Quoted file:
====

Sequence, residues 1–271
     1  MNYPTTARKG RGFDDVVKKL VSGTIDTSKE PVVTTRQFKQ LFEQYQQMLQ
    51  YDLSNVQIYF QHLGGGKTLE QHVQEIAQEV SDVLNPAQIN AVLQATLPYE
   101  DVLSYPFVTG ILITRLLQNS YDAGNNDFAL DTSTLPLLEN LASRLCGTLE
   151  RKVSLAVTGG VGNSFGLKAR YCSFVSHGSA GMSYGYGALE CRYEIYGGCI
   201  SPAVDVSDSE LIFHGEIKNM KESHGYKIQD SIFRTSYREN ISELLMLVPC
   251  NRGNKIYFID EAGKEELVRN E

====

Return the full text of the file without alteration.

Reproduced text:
Sequence, residues 1–271
     1  MNYPTTARKG RGFDDVVKKL VSGTIDTSKE PVVTTRQFKQ LFEQYQQMLQ
    51  YDLSNVQIYF QHLGGGKTLE QHVQEIAQEV SDVLNPAQIN AVLQATLPYE
   101  DVLSYPFVTG ILITRLLQNS YDAGNNDFAL DTSTLPLLEN LASRLCGTLE
   151  RKVSLAVTGG VGNSFGLKAR YCSFVSHGSA GMSYGYGALE CRYEIYGGCI
   201  SPAVDVSDSE LIFHGEIKNM KESHGYKIQD SIFRTSYREN ISELLMLVPC
   251  NRGNKIYFID EAGKEELVRN E